Criminal Justice Reform
The House and Senate have successfully passed the repeal of the RMV sanctions law that takes away the driver’s license of anyone convicted of a drug offense, for up to five years. However, more comprehensive criminal justice reform, such as repealing mandatory minimums for certain drug crimes, remains stalled: Governor Baker, Speaker DeLeo and Senate Pres. Rosenberg have justified delaying action while the Council of State Governments (CSG) begin a one-year study of the state’s criminal justice system.
We are encouraged that the Fight for 15 legislation to increase the minimum wage to $15/hour for any company that has more than 200 employees, including fast food restaurants, has been reported out of the Joint Committee on Labor and Workforce Development. The Senate is beginning to show interest, but the house has remained mostly silent on the issue.
As noted at the start, Raise Up Mass’s work to pass the millionaires’ tax by 2018 to support education and transportation is moving us forward. However, Speaker DeLeo and Governor Baker have explicitly stated that there will be no new taxes or fees (while, somehow, raising MBTA fares is excluded from this promise) during this legislative session.
Public Records and Transgender Rights
To round out the disappointments of the first half of the session, the House has also been disappointing on Transgender Accommodations (failing to have taken it up so far) and “sunshine” issues like Public Records reforms. The Public Records bill that passed in the House is deeply flawed; we are looking to the Senate to return with a much stronger bill, so that a productive bill can emerge from conference committee.
No Time to Let Up
With the end of the formal session on July 31, progressives throughout the state need to advocate even harder to pass key legislation in each of these issue areas. We are continuing to do this work, in our coalition and alliance work and through the on-the-ground activism and organizing by our terrific chapters, on these and other priorities.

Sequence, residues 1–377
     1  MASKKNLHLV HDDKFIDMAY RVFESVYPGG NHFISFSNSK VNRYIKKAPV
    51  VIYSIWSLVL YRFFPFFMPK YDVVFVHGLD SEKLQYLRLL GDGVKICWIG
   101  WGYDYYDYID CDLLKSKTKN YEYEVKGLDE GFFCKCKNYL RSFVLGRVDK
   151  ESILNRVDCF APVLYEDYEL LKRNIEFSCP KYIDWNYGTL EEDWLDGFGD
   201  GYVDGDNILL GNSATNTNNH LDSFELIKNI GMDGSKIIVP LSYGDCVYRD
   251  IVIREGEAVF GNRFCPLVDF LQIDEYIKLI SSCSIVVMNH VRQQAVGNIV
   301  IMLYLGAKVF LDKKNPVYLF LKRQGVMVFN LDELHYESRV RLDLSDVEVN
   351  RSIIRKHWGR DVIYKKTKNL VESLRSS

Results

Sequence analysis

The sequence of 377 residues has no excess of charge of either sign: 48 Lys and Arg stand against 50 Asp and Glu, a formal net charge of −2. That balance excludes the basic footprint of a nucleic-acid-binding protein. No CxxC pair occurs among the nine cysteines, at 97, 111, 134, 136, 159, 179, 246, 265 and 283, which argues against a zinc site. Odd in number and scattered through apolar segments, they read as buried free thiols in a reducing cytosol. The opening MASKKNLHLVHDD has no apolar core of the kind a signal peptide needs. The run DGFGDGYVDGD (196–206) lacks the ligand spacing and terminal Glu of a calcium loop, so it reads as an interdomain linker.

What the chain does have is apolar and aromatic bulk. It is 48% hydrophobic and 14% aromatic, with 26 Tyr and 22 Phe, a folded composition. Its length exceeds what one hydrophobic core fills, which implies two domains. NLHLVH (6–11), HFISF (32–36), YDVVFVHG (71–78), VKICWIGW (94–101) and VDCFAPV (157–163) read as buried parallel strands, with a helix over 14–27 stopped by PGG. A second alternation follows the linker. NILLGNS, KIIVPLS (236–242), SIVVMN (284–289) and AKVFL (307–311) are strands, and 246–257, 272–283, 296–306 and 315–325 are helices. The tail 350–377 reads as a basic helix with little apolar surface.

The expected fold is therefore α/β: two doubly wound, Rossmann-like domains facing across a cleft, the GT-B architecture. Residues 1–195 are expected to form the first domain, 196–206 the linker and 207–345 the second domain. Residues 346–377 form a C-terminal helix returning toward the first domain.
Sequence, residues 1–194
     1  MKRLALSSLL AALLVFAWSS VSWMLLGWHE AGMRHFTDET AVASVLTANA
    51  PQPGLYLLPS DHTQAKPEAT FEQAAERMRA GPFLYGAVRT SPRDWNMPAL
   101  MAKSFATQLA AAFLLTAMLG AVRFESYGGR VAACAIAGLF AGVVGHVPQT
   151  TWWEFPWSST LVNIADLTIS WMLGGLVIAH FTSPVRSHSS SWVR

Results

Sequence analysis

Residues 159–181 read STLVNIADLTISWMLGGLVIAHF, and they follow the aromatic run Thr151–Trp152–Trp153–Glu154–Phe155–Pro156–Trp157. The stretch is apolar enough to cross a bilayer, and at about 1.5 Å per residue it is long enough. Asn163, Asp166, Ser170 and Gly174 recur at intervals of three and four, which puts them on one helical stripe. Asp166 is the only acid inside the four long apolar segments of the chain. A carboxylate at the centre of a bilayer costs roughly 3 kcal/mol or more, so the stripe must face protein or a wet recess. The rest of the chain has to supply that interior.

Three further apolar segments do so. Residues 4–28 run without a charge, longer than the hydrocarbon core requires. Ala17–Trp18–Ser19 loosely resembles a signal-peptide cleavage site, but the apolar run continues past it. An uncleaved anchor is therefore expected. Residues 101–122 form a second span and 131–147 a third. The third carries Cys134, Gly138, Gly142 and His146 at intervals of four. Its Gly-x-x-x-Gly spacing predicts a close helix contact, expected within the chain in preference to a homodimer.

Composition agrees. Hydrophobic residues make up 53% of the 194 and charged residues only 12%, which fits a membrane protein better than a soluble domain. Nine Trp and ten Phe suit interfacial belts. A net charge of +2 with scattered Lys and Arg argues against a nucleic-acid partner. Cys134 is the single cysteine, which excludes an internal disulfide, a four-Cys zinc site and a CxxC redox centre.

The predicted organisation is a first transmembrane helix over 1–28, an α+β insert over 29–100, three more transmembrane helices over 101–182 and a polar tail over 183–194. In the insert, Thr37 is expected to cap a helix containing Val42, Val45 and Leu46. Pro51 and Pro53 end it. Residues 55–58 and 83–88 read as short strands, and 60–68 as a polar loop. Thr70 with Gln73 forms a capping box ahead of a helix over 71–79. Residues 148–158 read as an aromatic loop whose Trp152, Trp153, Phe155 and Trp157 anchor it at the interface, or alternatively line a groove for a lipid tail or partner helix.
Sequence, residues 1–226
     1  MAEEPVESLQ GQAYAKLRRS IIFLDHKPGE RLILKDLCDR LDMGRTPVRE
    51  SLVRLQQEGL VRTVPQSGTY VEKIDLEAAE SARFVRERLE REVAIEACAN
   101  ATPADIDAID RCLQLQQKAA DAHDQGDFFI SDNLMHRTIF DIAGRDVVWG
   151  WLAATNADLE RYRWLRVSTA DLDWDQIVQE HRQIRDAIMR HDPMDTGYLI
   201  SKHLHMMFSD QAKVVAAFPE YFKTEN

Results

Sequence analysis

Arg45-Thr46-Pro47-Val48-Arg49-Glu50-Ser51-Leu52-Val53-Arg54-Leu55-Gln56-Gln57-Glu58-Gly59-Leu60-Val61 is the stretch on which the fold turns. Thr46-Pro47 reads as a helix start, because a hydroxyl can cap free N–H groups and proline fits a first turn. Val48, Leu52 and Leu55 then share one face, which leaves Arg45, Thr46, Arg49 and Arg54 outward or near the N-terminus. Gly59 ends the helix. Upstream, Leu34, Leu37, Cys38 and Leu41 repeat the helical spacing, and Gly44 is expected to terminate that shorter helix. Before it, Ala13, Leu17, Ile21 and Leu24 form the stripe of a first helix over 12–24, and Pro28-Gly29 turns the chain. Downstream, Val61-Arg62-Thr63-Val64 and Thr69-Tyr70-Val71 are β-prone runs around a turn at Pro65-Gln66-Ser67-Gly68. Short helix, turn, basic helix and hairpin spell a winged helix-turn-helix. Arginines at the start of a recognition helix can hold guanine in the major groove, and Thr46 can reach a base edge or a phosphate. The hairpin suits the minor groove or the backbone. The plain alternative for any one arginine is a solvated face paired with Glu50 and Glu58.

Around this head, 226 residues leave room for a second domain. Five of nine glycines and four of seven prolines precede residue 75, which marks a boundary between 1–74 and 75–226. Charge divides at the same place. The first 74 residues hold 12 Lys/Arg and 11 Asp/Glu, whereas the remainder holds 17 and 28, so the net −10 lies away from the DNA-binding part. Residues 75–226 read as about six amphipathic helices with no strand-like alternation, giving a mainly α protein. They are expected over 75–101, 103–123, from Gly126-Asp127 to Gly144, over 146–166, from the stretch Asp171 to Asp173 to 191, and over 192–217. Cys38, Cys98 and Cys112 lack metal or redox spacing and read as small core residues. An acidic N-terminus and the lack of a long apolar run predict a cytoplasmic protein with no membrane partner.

(You should take a look at some of what they’re doing, check out some chapter blog updates, here)
We can’t do it without your support
In just a few years since our founding, we are well on our way to becoming a powerful, statewide, multi-issue members-based grassroots organization focused on advocating for core progressive policies, by issue organizing, holding elected officials accountable, and helping elect more progressive to public office across Massachusetts.
We believe strongly that for the agenda to remain people-powered, we must be grassroots- (not big money) funded. So please, consider allying with our other members in our progressive work by becoming a contributing member, and join our winter fundraising reception Saturday, January 23rd in Newton!
Finally, I’m very excited to report we have been working hard on our Scorecard, look for it next week! (We’ll have a preview at the party on Saturday, too. See our past scorecards at: progressivemass.com/scorecard)
Thanks for all of your engagement and activism, and I look forward to allying with you to in making 2016 a good year for progressive change in Massachusetts!